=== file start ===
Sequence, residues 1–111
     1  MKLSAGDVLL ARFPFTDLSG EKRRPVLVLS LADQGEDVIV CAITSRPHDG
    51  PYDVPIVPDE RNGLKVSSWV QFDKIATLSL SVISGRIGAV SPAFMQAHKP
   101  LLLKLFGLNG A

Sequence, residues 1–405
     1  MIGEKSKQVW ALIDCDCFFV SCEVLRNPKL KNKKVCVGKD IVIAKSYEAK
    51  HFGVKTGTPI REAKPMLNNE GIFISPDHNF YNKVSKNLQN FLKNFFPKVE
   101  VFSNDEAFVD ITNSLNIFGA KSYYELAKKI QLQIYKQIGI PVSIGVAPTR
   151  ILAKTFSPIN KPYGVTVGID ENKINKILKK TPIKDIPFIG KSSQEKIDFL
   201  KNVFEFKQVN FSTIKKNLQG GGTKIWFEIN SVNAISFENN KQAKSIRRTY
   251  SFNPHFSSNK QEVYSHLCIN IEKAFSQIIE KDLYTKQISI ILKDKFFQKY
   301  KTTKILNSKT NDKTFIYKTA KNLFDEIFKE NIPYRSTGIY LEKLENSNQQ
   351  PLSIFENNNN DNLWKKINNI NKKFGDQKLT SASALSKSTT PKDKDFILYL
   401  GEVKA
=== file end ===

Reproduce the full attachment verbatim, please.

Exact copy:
Sequence, residues 1–111
     1  MKLSAGDVLL ARFPFTDLSG EKRRPVLVLS LADQGEDVIV CAITSRPHDG
    51  PYDVPIVPDE RNGLKVSSWV QFDKIATLSL SVISGRIGAV SPAFMQAHKP
   101  LLLKLFGLNG A

Sequence, residues 1–405
     1  MIGEKSKQVW ALIDCDCFFV SCEVLRNPKL KNKKVCVGKD IVIAKSYEAK
    51  HFGVKTGTPI REAKPMLNNE GIFISPDHNF YNKVSKNLQN FLKNFFPKVE
   101  VFSNDEAFVD ITNSLNIFGA KSYYELAKKI QLQIYKQIGI PVSIGVAPTR
   151  ILAKTFSPIN KPYGVTVGID ENKINKILKK TPIKDIPFIG KSSQEKIDFL
   201  KNVFEFKQVN FSTIKKNLQG GGTKIWFEIN SVNAISFENN KQAKSIRRTY
   251  SFNPHFSSNK QEVYSHLCIN IEKAFSQIIE KDLYTKQISI ILKDKFFQKY
   301  KTTKILNSKT NDKTFIYKTA KNLFDEIFKE NIPYRSTGIY LEKLENSNQQ
   351  PLSIFENNNN DNLWKKINNI NKKFGDQKLT SASALSKSTT PKDKDFILYL
   401  GEVKA